# Johannes Fink and colleagues build geometric superinductor that breaks resistance quantum “limit”

October 29, 2020

NOMIS researcher Johannes Fink and his team have built a geometric superinductor that surpasses the resistance quantum “limit.”

A geometric superinductor made of a tightly wound aluminum wire can achieve an impedance about 5 times larger than a hypothesized fundamental limit.

A superinductor is an inductor with an electrical impedance that exceeds 6.45 kΩ, a value set by Planck’s constant and the charge of an electron. It was thought that inductors could only exceed this value—known as the resistance quantum—through a mechanism called kinetic inductance, which is the inductance from a material’s intrinsic properties. Now, Matilda Peruzzo, Andrea Trioni, and colleagues of the Institute of Science and Technology Austria show another route to high impedance by building a geometric superinductor—where the superinductance comes instead from the material’s geometric arrangement [1].

Kinetic inductance can come from several types of material properties. For example, granular aluminum can act as a kinetic inductor because grain boundaries in the material slow down—or impede—current. Geometric inductance, on the other hand, boosts impedance through the shape or pattern that a material is molded into. A coiled wire, for example, has a greater impedance than a straight wire because the magnetic field of each loop acts on other loops to raise the overall impedance.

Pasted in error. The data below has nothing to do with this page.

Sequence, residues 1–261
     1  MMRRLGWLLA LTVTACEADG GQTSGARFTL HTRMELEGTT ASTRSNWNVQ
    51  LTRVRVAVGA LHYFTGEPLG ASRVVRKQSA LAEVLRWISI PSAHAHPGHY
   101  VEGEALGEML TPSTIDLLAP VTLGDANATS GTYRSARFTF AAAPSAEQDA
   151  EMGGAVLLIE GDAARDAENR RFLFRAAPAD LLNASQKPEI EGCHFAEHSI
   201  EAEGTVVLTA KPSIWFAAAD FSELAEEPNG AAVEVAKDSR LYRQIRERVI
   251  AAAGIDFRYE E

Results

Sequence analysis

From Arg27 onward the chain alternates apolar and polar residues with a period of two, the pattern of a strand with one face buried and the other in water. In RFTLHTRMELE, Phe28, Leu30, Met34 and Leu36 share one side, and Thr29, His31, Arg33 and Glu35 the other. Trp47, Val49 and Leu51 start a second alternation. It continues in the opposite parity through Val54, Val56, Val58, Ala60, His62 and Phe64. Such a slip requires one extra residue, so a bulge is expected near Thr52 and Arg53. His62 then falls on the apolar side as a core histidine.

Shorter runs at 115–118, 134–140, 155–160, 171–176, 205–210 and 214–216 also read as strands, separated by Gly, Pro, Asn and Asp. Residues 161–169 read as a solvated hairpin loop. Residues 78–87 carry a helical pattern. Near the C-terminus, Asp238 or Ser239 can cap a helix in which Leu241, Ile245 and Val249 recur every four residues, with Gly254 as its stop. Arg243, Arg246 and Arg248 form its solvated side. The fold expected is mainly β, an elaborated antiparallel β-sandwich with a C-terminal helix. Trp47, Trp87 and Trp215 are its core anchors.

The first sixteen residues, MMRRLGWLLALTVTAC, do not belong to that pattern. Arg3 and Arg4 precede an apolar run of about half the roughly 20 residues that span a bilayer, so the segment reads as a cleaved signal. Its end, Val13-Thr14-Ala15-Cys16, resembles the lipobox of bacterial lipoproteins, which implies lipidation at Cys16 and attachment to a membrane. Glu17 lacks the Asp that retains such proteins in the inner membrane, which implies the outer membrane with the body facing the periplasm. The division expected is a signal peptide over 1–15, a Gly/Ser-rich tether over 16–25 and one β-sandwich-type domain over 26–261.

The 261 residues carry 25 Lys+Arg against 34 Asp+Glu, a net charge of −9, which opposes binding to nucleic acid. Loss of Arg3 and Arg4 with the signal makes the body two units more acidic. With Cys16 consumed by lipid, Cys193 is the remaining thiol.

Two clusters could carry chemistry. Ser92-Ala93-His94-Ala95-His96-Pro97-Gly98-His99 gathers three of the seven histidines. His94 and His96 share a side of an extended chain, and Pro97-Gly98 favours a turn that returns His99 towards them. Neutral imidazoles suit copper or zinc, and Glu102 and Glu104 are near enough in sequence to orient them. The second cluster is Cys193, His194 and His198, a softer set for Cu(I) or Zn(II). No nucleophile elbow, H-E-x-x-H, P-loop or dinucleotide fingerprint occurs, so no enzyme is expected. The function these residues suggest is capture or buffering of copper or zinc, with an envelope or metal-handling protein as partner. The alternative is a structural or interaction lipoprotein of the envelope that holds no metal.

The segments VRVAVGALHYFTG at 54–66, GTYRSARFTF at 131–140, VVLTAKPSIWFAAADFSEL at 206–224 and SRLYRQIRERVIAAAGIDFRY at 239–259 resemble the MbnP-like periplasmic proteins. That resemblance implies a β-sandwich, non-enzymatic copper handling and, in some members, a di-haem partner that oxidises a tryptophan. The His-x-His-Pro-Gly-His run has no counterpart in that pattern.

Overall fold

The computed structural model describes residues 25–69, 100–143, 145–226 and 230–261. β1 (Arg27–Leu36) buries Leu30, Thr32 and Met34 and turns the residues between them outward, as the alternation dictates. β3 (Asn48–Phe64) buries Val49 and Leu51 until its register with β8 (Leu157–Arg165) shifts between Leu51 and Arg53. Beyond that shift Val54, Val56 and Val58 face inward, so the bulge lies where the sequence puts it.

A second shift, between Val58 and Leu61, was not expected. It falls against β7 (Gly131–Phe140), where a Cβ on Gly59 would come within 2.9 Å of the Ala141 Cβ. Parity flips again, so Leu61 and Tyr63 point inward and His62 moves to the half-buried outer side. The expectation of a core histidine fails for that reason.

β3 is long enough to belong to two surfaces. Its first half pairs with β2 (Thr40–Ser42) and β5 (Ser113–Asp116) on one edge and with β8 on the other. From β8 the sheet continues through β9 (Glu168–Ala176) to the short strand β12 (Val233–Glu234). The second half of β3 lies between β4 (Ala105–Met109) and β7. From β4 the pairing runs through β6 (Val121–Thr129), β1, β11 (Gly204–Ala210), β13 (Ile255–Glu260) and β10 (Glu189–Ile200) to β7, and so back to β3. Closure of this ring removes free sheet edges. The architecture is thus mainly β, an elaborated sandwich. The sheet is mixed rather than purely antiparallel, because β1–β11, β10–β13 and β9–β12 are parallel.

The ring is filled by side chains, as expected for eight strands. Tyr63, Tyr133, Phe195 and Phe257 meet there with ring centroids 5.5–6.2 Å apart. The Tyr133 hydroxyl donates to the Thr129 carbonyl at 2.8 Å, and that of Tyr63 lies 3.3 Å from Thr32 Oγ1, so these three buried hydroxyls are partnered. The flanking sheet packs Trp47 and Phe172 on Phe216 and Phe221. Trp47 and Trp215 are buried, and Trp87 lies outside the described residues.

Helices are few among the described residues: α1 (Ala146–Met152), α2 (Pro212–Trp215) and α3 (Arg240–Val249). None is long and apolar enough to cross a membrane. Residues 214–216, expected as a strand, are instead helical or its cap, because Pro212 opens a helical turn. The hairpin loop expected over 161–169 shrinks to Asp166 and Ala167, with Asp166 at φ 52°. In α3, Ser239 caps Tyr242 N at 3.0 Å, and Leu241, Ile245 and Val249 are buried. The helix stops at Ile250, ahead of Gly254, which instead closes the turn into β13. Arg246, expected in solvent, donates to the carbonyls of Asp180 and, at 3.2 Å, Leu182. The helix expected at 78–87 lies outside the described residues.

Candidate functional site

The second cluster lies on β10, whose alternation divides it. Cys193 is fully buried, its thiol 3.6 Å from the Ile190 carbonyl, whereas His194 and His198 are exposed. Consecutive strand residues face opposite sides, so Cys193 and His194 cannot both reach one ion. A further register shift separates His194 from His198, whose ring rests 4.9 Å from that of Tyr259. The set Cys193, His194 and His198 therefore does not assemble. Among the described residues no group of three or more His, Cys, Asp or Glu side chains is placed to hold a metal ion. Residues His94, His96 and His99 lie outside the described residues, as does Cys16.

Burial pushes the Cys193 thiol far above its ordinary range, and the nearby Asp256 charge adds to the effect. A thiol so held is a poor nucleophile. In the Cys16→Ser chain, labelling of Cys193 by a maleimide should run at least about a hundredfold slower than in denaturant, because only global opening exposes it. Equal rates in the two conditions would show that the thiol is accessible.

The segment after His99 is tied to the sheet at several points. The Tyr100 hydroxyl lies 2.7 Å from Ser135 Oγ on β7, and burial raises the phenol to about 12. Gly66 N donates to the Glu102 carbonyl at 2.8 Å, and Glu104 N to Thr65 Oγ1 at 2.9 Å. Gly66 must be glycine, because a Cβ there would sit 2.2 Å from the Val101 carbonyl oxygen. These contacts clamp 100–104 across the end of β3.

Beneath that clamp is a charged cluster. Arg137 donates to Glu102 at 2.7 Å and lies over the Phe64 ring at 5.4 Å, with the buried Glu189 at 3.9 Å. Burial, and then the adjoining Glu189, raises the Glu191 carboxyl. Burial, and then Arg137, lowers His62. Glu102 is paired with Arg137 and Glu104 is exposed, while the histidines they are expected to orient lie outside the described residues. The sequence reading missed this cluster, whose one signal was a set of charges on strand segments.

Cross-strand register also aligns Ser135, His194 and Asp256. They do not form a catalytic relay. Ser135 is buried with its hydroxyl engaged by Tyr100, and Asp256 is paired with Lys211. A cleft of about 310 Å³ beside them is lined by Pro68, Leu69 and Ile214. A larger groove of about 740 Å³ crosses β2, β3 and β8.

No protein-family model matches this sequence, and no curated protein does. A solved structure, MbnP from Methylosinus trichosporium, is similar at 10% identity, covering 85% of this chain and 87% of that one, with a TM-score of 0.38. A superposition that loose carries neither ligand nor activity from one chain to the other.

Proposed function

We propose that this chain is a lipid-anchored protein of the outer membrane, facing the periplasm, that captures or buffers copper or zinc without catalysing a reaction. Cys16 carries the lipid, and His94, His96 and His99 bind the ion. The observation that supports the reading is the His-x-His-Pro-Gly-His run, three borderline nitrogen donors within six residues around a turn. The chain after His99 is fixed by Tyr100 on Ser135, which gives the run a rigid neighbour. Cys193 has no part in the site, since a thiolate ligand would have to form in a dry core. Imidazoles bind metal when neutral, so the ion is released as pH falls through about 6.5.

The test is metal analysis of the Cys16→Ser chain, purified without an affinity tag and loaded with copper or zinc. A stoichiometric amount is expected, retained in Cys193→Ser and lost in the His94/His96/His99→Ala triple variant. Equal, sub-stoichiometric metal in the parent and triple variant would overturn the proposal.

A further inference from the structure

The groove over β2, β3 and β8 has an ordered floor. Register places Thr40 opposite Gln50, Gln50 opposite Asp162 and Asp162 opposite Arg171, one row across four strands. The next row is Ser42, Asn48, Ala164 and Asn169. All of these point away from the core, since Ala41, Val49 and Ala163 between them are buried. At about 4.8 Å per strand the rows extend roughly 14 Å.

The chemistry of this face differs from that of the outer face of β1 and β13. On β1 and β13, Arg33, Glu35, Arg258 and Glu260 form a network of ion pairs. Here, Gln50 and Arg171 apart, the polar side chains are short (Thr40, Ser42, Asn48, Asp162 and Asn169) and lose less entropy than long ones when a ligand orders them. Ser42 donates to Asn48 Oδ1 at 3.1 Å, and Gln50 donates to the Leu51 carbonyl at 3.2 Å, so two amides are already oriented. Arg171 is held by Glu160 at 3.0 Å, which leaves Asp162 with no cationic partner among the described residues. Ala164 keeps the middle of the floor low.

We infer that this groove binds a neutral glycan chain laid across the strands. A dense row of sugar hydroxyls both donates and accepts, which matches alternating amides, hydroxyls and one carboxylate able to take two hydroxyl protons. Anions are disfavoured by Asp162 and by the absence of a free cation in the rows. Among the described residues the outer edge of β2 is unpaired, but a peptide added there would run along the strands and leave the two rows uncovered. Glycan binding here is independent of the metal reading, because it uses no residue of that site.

To achieve geometric superinductance, Peruzzo, Trioni, and colleagues nanofabricated very tightly wound spirals of thin aluminum wire on a silicon-based substrate. They then removed as much of the substrate as they could, creating a nearly free-standing coil. They made more than a hundred such devices with various geometries. Ultimately, they achieved impedances of up to 5 times the resistance quantum for ac currents with frequencies as high as a few gigahertz, showing unequivocally that neither the resistance quantum nor the impedance of free space—another hypothesized limit for geometric inductors—is actually a fundamental limit.

–Erika K. Carlson

Erika K. Carlson is a Corresponding Editor for *Physics* based in New York City.

Go to this *Physics* synopsis: Geometric Inductor Breaks Resistance Quantum “Limit”

Read the *Physical Review Applied* publication: Surpassing the Resistance Quantum with a Geometric Superinductor

# Johannes Fink

Professor

Institute of Science and Technology Austria (ISTA)

# Georgios Katsaros

Assistant professor

Institute of Science and Technology Austria (ISTA)

# Hybrid Semiconductor–Superconductor Quantum Devices

NOMIS RESEARCH PROJECT